Devastating line: “‘We hold these truths to be self-evident/That all men are created equal’/And when I meet Thomas Jefferson/I’m ‘a compel him to include women in the sequel”

4. “My Shot” (Disc 1, Track 3)

Joan Marcus

Hamilton is too dense and story-driven to have a single breakout song. “The Schuyler Sisters,” for example, is an addictive tune on its own, but if someone loves that song, they’re probably inclined to explore the whole album. (I hope this is the explanation for The Singles Jukebox’s low rating for “My Shot.”)

But if Hamilton can be summed up with a single song, it’s probably “My Shot.” It took me a long time to realize why the song is so beloved. It’s great but, in such a strong song cycle, it felt somewhat minor.

Then I completely fell for it, and I realized that the reason it’s such a major standout is its pop structure. Everything, right down to the fantastic “Rise up” bridge, is meticulously calculated. Every line is written as if Hamilton himself had penned it—Miranda took a year to write the song because, “Every couplet needed to be the best couplet I ever wrote.”

Moreover, the song serves an indispensable purpose: other than little lines, like “There’s a million things I haven’t done” and “I wish there was a war,” we haven’t yet heard Hamilton state his motivations. “My Shot” gives Hamilton and his revolutionary friends six minutes to tell us what they’re thinking, feeling and desiring, and the year it took to write the song shows.

Devastating line: “I imagine death so much it feels more like a memory/When’s it gonna get me?/In my sleep? Seven feet ahead of me?/If I see it comin’, do I run or do I let it be?”

The cast performs “My Shot” at the White House.

3. “It’s Quiet Uptown” (Disc 2, Track 18)

Sara Krulwich/The New York Times

After hearing that his son had been shot, Alexander Hamilton reportedly collapsed. After Philip passed away, Robert Troup wrote, “Never did I see a man so completely overwhelmed with grief as Hamilton had been.” His appearance is even said to have changed, as seen in a portrait of him by Ezra Ames, which Ron Chernow writes “captured Hamilton looking troubled and introspective, as if lost in thought and staring into an abyss.”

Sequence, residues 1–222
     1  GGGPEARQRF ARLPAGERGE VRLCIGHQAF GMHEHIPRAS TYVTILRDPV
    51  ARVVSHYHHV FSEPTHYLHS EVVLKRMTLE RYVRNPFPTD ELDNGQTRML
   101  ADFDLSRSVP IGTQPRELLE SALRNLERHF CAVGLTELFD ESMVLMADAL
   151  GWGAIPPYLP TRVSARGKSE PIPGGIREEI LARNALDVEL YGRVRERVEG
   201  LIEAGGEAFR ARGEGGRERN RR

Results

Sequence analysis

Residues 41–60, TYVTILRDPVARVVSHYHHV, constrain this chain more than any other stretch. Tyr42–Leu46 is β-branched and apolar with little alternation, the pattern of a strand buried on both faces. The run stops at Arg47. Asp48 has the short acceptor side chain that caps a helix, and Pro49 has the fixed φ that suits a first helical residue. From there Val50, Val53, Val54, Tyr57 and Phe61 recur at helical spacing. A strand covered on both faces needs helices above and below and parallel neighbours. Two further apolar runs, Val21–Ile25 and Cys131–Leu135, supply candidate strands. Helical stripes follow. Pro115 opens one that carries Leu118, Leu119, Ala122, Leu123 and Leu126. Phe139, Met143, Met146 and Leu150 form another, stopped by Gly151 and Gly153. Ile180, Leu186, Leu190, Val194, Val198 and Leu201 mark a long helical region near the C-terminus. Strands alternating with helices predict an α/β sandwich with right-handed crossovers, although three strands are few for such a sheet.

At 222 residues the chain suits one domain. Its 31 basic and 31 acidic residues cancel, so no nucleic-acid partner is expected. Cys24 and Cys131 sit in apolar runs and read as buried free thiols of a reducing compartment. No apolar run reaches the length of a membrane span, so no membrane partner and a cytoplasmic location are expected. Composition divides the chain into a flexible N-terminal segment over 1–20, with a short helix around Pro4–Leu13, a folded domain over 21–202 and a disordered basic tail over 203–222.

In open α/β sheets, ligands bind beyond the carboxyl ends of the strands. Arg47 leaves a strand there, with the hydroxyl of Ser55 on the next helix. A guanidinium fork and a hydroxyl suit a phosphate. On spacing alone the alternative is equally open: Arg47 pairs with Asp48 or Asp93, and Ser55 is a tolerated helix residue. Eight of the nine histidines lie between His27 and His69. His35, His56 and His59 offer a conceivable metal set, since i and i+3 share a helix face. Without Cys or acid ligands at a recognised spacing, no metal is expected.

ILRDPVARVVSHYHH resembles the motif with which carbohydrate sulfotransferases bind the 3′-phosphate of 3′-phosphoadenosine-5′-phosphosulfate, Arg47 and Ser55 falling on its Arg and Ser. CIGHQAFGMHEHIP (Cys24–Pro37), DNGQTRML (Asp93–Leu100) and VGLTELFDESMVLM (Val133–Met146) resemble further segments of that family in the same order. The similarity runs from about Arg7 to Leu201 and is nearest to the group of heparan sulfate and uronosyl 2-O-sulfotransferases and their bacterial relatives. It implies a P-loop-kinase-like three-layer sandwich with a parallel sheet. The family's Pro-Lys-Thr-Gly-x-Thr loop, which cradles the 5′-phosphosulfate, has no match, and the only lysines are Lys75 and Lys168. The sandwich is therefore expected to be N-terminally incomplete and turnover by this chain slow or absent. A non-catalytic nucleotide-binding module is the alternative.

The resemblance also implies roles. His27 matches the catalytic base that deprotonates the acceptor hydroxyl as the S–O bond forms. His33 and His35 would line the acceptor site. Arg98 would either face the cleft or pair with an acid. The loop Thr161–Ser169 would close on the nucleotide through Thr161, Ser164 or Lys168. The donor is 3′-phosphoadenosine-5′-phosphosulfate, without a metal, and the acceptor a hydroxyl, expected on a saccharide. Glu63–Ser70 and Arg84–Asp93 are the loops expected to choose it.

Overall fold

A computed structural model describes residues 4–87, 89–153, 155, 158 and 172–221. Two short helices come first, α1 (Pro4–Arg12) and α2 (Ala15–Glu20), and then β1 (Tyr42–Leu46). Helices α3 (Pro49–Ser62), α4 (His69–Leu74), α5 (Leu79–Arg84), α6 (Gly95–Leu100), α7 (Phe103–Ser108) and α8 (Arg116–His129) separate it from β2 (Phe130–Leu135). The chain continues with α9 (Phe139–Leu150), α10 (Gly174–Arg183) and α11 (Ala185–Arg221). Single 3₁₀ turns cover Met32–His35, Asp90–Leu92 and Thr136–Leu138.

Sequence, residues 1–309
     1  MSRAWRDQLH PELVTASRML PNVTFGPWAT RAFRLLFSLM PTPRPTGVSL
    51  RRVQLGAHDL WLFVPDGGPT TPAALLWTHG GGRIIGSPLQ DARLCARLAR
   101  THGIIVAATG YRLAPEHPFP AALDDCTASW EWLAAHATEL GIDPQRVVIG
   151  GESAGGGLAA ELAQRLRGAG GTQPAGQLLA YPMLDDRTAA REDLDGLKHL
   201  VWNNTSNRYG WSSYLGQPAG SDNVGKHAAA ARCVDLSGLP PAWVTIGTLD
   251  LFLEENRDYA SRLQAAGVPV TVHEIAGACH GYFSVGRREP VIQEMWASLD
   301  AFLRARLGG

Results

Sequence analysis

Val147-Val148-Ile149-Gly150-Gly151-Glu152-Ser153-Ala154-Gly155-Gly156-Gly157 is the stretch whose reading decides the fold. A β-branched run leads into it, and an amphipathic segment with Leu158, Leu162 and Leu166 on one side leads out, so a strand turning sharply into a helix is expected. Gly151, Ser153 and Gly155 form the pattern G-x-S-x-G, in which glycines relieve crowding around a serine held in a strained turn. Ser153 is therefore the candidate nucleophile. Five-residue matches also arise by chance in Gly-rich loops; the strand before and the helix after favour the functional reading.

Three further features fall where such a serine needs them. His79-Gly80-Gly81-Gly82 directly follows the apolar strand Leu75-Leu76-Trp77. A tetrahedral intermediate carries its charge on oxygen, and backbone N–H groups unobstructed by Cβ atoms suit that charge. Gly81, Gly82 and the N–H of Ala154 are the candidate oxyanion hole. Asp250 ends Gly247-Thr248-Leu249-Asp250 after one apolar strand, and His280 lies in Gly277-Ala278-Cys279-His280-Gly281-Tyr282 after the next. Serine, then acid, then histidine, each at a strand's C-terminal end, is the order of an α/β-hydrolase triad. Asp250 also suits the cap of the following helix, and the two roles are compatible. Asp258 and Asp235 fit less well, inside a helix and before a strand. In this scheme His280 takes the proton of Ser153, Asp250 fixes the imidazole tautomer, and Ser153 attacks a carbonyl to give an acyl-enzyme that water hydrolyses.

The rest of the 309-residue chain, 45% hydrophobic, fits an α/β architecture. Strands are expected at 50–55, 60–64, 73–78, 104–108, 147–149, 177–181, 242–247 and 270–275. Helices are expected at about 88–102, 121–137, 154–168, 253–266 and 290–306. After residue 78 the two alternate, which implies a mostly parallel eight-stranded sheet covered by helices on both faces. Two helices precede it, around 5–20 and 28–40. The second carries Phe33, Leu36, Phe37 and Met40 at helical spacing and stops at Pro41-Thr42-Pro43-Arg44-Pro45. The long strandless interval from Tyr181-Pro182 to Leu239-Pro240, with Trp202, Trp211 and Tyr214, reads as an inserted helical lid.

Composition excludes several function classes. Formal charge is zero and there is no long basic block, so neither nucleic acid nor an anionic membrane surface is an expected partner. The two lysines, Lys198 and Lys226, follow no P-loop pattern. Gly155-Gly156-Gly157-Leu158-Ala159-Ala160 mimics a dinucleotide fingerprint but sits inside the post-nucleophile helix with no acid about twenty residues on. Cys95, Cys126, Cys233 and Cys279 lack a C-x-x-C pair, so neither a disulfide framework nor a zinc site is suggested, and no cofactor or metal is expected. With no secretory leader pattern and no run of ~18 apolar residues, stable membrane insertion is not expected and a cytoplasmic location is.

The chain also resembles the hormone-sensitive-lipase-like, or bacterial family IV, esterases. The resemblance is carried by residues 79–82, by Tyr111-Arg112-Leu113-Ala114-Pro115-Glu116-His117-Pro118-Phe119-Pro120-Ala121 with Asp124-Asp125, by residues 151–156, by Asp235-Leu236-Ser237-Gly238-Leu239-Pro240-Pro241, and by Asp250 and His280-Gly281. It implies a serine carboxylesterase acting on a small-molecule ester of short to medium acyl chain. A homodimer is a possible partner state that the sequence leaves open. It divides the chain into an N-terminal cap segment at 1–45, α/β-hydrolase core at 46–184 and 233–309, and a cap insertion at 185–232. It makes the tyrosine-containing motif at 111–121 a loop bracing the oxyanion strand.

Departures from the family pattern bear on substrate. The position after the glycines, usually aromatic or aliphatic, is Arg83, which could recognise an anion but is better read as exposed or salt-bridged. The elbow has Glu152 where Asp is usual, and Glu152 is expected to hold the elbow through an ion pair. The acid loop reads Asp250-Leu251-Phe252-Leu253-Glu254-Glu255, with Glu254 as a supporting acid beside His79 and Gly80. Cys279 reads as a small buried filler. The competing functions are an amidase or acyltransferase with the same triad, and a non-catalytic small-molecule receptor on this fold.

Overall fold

Miranda keeps things somewhat impersonal on “It’s Quiet Uptown” because, having never lost a child, he couldn’t even attempt to know what it feels like. But the detached method of showing Hamilton’s grief works on another level, painting the feeling of losing a child as being as unknowable as Hamilton’s mind. The man felt as deeply as he thought.

This also functions the same way that horror often does. In horror films, it’s usually better to not see things, since our mind can project more horrific things than can be shown. Similarly, instead of trying to explain “the unimaginable,” Miranda instead invites the audience to place their own feelings into the situation. He even avoided annotating the song in Hamilton: The Revolution, the only song he did this for. It’s pointless for anyone who hasn’t experienced this kind of loss to try to explain it.

But while he doesn’t try to explain the loss, he does a fantastic job of showing Hamilton after it, as he walks through the city, deep in thought, and begins attending church. For the first time, other people’s words seem to have more significance to Hamilton than his own. “You knock me out, I fall apart,” he sings, bringing heartbreaking context to Burr’s words from “Dear Theodosia.” He then wins Eliza back not with his own words, but hers from “That Would Be Enough”: “I don’t pretend to know/The challenges we’re facing/I know there’s no replacing what we’ve lost.” In the end, she forgives him, if only so they can mourn together.